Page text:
Hardcover | $27.99 USD | ISBN-13: 978-1250122957 |419 pages | Science Fiction–Post Apocalyptic

4 stars

Despite my my varied past experience with Nora Roberts’ work, her paranormal series in particular, I was drawn to trying Year One due to hearing it was slightly different from her other series, and given that what I liked was her skill as a world builder (or in this case, on occasion, world destroyer) when it comes to developing her paranormals, but found the romances rather shallow and unbearable to read, with only one exception so far, this one seemed promising, and I’m glad that with this series and Shelter in Place, she’s begun to dive into grittier territory, which I knew she had the potential for.

And while it is by no means perfect, I still found it engaging, and I enjoyed observing how characters survived a terrible tragedy like the Doom then went through trying to figure out how you rebuild in the aftermath. While there are several characters that we are introduced to, it was easy to become invested in their respective narratives.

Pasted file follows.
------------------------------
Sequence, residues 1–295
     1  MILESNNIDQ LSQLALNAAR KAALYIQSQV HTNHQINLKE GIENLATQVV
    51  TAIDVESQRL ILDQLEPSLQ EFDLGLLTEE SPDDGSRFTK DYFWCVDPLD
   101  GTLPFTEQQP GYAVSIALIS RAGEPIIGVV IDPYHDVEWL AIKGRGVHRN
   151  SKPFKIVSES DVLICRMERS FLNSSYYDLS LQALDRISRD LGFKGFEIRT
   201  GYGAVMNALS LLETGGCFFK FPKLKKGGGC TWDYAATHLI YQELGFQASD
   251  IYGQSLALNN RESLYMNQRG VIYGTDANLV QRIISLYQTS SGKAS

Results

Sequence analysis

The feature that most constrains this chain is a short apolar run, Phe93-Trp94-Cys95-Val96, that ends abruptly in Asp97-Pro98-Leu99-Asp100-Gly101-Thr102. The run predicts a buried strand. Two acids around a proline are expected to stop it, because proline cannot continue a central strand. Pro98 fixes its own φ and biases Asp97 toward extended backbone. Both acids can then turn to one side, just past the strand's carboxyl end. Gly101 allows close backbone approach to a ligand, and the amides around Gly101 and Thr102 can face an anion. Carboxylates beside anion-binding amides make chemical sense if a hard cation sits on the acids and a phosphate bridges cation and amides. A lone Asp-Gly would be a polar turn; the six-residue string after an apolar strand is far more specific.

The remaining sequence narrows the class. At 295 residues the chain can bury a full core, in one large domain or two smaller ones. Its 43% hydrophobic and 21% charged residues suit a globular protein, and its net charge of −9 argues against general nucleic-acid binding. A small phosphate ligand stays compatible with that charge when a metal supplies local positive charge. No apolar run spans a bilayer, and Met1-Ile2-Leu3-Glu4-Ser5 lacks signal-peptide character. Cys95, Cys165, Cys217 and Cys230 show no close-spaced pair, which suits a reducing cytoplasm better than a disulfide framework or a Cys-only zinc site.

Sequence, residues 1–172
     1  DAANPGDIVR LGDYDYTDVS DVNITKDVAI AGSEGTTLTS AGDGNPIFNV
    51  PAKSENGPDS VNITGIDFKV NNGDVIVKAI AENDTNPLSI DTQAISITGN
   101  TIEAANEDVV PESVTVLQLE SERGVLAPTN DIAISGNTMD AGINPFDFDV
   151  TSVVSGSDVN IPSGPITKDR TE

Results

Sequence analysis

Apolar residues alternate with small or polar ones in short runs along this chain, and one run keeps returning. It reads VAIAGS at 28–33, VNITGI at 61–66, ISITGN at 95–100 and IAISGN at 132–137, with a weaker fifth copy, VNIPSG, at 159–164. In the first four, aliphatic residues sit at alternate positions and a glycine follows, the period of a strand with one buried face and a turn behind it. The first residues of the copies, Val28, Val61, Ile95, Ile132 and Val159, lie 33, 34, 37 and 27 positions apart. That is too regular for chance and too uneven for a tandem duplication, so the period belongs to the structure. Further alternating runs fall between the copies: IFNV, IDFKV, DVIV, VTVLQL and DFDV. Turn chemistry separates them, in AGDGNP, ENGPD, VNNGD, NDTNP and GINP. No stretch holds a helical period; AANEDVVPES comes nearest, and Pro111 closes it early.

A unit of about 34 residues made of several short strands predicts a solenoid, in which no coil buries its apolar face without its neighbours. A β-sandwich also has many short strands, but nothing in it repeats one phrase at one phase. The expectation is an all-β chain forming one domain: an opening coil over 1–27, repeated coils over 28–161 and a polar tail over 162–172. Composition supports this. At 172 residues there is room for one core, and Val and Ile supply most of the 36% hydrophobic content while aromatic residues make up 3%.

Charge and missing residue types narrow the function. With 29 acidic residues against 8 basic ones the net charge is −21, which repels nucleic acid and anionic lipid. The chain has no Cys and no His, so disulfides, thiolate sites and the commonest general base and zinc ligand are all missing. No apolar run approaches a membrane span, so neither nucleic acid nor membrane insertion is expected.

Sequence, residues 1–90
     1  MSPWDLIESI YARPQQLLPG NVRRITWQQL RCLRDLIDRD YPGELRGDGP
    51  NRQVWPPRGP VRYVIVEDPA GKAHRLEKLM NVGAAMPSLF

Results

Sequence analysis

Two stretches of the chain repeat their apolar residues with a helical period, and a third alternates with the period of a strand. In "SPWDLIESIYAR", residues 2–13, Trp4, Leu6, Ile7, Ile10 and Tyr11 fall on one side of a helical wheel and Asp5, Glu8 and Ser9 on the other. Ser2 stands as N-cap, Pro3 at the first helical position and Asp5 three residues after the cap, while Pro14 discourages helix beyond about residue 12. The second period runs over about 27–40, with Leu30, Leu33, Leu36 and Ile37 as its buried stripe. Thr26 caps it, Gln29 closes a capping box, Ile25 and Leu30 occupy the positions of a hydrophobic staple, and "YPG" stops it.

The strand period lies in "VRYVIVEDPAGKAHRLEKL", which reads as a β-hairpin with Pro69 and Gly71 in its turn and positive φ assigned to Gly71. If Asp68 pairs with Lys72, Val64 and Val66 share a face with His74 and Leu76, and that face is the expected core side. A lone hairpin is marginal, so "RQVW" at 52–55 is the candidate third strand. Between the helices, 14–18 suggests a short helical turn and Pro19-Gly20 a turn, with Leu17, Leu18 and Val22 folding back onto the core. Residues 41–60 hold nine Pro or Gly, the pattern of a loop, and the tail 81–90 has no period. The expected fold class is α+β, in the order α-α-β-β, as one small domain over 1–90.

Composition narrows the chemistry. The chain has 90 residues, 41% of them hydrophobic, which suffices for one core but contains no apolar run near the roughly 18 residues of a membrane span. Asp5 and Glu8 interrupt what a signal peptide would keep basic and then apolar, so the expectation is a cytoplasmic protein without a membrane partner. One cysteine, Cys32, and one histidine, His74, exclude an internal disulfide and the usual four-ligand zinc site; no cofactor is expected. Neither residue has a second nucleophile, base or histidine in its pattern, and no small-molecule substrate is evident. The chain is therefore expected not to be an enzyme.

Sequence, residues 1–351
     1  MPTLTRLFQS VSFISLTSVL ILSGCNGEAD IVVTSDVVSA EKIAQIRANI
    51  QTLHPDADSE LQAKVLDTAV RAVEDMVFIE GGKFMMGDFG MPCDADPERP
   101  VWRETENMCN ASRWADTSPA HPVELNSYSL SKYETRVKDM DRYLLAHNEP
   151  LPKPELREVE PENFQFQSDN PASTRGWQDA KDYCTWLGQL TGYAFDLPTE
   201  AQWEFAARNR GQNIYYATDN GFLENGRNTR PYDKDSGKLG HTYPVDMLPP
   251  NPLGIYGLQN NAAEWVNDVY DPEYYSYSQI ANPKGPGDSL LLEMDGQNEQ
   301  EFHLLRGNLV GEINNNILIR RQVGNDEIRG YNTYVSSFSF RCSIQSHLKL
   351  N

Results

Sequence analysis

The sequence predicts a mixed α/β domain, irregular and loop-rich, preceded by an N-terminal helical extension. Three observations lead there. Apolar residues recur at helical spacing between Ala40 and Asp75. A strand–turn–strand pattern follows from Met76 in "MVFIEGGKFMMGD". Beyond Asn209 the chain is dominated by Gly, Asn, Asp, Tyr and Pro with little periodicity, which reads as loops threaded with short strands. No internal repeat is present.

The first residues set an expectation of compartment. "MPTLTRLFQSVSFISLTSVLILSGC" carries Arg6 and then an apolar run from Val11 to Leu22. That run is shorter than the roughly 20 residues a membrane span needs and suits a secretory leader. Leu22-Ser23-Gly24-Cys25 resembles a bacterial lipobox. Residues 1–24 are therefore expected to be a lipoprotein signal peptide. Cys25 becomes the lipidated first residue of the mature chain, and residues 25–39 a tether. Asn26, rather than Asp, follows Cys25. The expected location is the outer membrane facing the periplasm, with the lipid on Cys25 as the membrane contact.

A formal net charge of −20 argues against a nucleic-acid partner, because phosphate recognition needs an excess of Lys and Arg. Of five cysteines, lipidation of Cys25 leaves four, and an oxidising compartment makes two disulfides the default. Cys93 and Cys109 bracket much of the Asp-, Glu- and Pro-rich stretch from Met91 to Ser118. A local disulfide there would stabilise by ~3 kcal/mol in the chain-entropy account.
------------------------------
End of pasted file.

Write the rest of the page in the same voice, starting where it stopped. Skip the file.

And I like that she also brings her roots in the paranormal to this new series, so it stands out from the pack of post apocalyptic and dystopian novels, which lean more toward the science oriented, even if there are some parallels, particularly one that other readers have noted with The Stand by Stephen King (which I have not read, so I cannot pass judgment either way).

I really liked this one, in spite of its somewhat polarizing reception among readers, if the Goodreads reviews are anything to go on. And I think anyone who is interested in a post apocalyptic story should give this one a try, whether they’ve read Nora Roberts in the past or not.